London Drugs says it will cover Victoria Remembrance Day costs on same day council’s taxpayer-funded lunches scrutinized

WatchThe furor continues over Victoria City Hall. Last week, on the 75th anniversary of D-Day, Councillor Ben Isitt put forward a request to ask the Department of National Defense and Veterans Affairs to pay about $15,000 dollars toward policing Remembrance Day ceremonies. The motion is going up for a vote Thursday evening, the same day when councillors are under scrutiny for taxpayer-funded lunches. The annual budget allotment for that is $10,000. Mary Griffin has more.

In February, Victoria Coun. Ben Isitt put forward a proposal the public hasn’t had much appetite for.

Isitt proposed Victoria council allocate up to $10,000 from new assessed revenues for catering costs.

“To foster efficiency and team building with working lunches at committee-of-the-whole in daytime and special meetings,” Isitt said at the time

The motion did pass and council now budgeting up to $10,000 for lunches during long council meetings. It didn’t capture much attention.

But then came June 6 when Isitt put forward a motion to ask the Department of Defense and Veterans Affairs to cover policing’s costs of Remembrance Day and other military events in Victoria.

“Responsibility for military commemoration honouring veterans is more properly the responsibility of those federal agencies,” Isitt said.

The motion asks city staff to try to recover some of the $15,000 in policing costs. And thanks to February’s decision, the discussion is happening while councillors enjoy that free catered lunch. Not everyone is on board with the free food, including the Grumpy Taxpayers of Victoria’s Stan Bartlett.

“The amount of money they are spending on catering, whatever that is, seems excessive. Seems to me that bringing a brown bag like they previously did is maybe a way of keeping in touch with the taxpayers,” Bartlett said.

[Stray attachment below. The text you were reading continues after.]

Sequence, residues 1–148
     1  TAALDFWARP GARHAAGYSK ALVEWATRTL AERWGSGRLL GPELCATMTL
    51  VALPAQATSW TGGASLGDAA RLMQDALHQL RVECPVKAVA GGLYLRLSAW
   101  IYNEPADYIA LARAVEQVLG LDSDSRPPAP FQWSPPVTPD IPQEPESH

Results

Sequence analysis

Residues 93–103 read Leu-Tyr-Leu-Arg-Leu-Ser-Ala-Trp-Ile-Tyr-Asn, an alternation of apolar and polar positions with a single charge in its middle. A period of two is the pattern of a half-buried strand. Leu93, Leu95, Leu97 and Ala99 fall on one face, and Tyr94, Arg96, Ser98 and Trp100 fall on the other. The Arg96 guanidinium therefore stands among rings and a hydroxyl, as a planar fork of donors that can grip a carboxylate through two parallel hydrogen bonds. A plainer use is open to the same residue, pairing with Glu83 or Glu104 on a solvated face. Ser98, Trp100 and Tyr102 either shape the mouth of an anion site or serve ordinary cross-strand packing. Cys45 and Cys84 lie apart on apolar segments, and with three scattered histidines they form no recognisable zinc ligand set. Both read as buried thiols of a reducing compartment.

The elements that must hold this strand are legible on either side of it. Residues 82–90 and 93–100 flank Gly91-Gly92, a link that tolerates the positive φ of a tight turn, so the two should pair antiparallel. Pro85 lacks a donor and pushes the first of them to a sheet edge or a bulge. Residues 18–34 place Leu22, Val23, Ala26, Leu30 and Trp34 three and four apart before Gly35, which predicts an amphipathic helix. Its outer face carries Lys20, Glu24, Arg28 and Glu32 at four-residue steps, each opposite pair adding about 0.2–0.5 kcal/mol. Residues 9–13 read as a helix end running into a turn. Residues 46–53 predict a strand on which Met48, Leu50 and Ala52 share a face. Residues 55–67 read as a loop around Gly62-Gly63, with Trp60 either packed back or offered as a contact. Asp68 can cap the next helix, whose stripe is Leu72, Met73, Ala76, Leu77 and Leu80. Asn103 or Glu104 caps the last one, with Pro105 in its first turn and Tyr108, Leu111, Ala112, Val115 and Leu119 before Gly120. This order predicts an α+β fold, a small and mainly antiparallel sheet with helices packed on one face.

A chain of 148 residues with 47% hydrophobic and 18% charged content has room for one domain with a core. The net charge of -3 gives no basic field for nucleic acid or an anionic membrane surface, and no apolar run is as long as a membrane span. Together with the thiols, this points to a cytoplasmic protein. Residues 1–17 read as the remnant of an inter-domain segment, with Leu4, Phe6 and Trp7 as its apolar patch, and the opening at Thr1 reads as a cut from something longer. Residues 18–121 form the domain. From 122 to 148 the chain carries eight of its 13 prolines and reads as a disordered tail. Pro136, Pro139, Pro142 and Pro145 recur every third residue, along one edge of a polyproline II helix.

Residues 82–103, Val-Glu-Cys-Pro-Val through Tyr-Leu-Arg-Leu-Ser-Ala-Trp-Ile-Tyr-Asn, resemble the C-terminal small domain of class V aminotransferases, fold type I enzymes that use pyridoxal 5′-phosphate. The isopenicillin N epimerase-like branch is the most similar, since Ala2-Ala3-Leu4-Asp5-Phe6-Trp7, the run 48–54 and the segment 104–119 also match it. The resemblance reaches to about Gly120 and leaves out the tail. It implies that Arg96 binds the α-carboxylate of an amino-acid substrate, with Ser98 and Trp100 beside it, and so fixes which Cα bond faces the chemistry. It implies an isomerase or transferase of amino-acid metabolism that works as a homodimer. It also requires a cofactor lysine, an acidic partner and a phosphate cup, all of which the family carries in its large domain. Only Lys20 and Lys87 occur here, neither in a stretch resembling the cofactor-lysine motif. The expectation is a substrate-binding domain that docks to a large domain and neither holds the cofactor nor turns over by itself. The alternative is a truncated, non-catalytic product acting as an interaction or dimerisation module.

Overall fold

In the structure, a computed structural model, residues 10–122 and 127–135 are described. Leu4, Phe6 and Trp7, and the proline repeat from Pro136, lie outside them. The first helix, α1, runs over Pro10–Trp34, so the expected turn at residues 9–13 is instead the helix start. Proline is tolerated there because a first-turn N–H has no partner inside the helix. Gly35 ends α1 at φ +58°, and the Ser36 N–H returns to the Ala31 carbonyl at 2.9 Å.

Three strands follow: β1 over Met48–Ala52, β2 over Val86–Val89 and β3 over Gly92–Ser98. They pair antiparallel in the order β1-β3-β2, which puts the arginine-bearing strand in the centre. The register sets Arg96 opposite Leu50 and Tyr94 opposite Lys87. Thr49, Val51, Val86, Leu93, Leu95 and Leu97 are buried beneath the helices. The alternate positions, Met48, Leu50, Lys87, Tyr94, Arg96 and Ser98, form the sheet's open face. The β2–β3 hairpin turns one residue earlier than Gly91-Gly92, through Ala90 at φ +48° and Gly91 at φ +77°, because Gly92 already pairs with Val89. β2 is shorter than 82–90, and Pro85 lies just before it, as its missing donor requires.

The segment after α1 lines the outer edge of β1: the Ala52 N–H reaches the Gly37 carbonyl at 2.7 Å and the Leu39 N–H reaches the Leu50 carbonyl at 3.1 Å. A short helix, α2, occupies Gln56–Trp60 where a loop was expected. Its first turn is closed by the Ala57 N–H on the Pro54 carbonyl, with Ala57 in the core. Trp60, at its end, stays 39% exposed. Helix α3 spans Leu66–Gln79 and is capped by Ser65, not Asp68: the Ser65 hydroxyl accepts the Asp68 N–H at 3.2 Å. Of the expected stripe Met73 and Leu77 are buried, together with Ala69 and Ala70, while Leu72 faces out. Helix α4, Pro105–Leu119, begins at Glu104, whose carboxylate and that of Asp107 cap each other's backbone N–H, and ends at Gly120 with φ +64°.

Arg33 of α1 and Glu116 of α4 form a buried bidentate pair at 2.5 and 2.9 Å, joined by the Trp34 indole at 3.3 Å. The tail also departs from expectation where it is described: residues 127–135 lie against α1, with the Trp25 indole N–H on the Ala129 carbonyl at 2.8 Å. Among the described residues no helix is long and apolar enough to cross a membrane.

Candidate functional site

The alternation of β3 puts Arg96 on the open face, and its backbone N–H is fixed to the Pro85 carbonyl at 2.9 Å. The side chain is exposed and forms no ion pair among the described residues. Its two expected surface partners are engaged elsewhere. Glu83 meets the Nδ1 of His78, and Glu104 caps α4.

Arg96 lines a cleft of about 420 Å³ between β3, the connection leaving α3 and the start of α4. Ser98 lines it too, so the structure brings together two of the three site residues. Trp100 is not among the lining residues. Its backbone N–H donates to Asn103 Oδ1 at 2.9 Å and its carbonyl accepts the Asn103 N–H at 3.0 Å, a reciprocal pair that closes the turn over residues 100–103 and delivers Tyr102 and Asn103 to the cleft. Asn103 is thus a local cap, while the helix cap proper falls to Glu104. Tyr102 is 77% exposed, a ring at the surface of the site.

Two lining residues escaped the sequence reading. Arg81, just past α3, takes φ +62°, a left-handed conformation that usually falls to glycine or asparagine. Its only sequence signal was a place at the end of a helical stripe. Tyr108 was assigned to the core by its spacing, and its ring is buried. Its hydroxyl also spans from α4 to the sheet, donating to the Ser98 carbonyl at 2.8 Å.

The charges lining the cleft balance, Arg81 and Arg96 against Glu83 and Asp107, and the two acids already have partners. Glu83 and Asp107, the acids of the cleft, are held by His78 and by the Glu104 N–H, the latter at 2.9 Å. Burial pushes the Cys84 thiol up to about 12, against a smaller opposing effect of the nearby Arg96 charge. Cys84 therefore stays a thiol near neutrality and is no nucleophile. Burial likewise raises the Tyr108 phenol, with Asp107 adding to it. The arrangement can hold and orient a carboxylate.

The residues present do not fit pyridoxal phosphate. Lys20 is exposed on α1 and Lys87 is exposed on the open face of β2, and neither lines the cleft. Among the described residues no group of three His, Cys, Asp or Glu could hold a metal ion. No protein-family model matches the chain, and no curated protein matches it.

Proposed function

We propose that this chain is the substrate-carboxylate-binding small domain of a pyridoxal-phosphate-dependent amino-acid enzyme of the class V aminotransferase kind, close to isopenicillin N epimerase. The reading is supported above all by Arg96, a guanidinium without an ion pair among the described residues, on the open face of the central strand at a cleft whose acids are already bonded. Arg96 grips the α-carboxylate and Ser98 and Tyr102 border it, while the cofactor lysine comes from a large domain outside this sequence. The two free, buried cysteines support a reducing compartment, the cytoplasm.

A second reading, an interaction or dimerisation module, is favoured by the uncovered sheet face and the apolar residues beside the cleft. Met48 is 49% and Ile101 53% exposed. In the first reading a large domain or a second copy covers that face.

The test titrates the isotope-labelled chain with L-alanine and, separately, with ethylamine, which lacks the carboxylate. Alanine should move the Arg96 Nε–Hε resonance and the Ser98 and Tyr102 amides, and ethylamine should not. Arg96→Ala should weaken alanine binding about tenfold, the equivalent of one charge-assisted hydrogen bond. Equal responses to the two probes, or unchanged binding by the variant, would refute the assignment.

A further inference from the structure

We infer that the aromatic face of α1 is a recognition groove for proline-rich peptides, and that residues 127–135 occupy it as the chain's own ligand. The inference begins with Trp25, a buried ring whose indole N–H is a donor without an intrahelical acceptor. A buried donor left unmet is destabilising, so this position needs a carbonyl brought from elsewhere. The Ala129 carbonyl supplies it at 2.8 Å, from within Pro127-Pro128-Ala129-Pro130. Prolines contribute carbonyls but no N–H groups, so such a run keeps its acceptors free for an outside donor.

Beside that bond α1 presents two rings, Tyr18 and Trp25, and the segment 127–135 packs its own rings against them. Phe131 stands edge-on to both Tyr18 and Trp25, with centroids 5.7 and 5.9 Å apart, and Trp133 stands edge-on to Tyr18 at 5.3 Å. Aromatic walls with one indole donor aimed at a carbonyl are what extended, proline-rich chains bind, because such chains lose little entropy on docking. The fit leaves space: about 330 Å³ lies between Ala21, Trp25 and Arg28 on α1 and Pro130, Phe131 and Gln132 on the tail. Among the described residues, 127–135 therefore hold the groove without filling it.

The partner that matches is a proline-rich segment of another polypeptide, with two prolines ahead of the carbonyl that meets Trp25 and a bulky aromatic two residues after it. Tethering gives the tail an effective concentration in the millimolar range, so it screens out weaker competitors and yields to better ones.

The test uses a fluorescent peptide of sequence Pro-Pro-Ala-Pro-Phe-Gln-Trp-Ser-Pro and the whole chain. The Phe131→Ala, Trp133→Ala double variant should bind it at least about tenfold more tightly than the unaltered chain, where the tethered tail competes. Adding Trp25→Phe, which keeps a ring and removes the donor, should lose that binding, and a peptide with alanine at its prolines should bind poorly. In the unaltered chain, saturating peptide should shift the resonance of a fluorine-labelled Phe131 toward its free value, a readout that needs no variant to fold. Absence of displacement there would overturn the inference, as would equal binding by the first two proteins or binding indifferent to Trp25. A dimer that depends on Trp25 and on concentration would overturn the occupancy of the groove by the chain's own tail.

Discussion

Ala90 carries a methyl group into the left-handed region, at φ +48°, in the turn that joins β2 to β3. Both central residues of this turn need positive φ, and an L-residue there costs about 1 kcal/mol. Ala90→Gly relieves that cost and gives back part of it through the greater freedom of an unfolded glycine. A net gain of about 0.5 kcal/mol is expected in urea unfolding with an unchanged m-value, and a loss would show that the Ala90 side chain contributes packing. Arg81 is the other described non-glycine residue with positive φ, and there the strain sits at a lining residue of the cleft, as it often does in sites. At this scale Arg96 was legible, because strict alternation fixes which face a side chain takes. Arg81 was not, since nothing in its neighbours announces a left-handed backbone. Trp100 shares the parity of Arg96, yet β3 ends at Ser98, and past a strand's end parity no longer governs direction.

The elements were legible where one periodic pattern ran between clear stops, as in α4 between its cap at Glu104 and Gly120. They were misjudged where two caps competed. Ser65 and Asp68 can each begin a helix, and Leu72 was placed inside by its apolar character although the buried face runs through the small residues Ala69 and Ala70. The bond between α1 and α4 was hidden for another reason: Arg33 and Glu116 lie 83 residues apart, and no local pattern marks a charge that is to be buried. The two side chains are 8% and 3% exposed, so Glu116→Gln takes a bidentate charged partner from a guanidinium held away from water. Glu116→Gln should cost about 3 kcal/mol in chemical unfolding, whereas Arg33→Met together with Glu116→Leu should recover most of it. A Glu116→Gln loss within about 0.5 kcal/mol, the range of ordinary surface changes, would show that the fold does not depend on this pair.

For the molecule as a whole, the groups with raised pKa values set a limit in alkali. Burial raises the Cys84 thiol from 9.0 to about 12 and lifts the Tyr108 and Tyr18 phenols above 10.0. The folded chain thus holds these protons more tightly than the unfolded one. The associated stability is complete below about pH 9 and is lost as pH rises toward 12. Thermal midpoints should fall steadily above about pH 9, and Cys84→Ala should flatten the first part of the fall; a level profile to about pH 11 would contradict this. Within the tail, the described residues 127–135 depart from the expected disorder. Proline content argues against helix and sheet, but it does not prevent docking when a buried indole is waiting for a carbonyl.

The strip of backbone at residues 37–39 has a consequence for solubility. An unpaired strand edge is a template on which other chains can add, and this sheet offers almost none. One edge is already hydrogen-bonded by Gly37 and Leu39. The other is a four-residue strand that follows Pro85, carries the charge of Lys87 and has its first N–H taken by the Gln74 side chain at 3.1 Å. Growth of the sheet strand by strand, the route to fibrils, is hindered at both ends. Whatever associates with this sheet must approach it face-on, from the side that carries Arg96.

On June 7, Isitt apologized for the timing of his Remembrance Day policing proposal, coming on the 75th anniversary of D-Day.

“It was unfortunate the timing but I won’t apologize for standing up for the taxpayers,” Isitt said.

Then on Thursday, London Drugs offered to cover the city’s expenses for Remembrance Day ceremonies for at least the next few years.

“London Drugs has been in contact with the city, and our concern is that we want to focus to be on our veterans and current serving members of the Canadian Armed Forces and family honouring their sacrifices, and anything that distracts from that, we felt that we could we step up and take that distraction away so the focus will be where it should be,” Clint Mahlman, London Drugs president and COO said in Vancouver.

Isitt had no comment on the lunches or the motion about Remembrance Day on Thursday. The council will vote Thursday evening on approving $135,000 in funding to cover policing costs for events like Remembrance Day so the London Drugs offer may not be needed.

Mary GriffinMary Griffin

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